3

Uniform closure, of course not. Closure in the topology of pointwise convergence yes, as has been pointed out, but this is trivial (immediate from the fact that a polynomial can take any values you want on any finite set) and I don't see how it's good for anything. There's a closure for which the answer is yes, and which also actually allows one to prove ...


0

$$ f_n(t)=\frac {\lfloor t\rfloor}n. $$ Each $f_n $ is continuous on all intervals $(m,m+1) $ and discontinuous at $m $ for every integer $m $. The sequence converges uniformly to zero.


0

Let $f_1$ be the traditional function continuous at every irrational and discontinuous at every rational ($f(x)=1/q$ if $x=p/q$ in lowest terms, $f(x)=0$ if $x$ is irrational). Let $f_n=f_1/n$. Then $f_n\to0$ uniformly.


1

All polynomials are dense in borel functions in pointwise convergence topology because polynomials are dense in continous functions in uniform convergence topology, and those are dense in borel in pointwise convergence topology. However if you restrict to polynomials vanishing at zero you will only get borel functions vanishing at zero.


1

$P_K$ acting on any element $Ay$ of $K$ yields $A(A^\top A)^{-1}A^\top Ay=Ay$, so $P_K$ has the correct action on $K$. Any element $z$ of the orthogonal complement of $K$ is orthogonal to the columns of $A$, so $A^\top z=0$. Thus $K$ also has the correct action on the orthogonal complement of $K$, and thus by linearity on the entire space.


1

I think there is no simple method to minimize over $\mathbb{N}$. This is a very complex topic in math. Using the computation it will be much more simple to find minimum (and sometimes even more faster). Anyway, I am familiar with some problems of this type: For example find minimum of $f(n) = (x-0.25)^2$ we use $f'(n) =0$ and find that on $\mathbb{R}$ ...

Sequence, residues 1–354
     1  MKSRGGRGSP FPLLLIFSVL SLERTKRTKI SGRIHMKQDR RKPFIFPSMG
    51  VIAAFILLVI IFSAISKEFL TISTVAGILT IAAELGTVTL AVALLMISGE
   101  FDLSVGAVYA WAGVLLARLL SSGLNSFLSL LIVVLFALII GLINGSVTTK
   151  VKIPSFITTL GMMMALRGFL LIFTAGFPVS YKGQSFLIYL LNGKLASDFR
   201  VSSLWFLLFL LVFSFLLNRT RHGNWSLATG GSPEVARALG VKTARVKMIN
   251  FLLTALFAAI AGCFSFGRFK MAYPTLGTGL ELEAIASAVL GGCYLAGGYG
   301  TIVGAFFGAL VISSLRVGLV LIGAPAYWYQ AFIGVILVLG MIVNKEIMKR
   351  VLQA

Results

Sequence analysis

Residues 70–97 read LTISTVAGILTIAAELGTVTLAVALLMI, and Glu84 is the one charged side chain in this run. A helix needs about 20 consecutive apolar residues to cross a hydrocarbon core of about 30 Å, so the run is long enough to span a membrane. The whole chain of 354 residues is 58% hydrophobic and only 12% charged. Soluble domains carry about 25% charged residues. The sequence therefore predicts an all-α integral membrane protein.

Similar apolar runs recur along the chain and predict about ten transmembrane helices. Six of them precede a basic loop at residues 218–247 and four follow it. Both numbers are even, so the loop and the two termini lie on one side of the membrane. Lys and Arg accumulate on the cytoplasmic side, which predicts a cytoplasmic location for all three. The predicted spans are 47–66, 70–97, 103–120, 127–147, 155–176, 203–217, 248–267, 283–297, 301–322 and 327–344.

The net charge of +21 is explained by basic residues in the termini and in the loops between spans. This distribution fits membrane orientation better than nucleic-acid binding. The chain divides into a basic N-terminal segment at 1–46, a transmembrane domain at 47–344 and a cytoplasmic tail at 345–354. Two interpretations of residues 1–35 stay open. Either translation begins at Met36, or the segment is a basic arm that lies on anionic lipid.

2

This is too long for a comment and it could be off-topic. There is no doubt that Ron Gordon's solution is the most elegant for this problem. I have been thinking about sine and cosine integral functions (see my early comment) just because $$\frac x{1+x^2}=\frac 12 \Big(\frac 1{x-i}+\frac 1{x+i}\Big)$$ and $$\int \frac{\sin(x)}{x+a}\,dx=\cos (a) ...


3

Consider the contour integral $$ \oint_C dz \frac{z e^{i z}}{1+z^2}$$ where $C$ is a semicircle in the upper half plane of radius $R$. Then the contour integral is equal to $$\int_{-R}^R dx \frac{x e^{i x}}{1+x^2} + i R \int_0^{\pi} d\theta \, e^{i \theta} \frac{R e^{i \theta} \, e^{i R e^{i \theta}}}{1+R^2 e^{i 2 \theta}}$$ As $R \to \infty$, the ...


0

An alternative approach is the following: the function $$ g_n(x) = \frac{2^{2n+1}}{(2n+1)\binom{2n}{n}}(1-x^2)^{n} $$ is a polynomial of degree $2n$, with integral over $[-1,1]$ equal to one. $g_n(x)$ is concentrated around the origin, so that $g_n(x)$ converges in distribution to a Dirac delta function. If $x_0$ is a Lebesgue point for $f(x)$, we have: $$ ...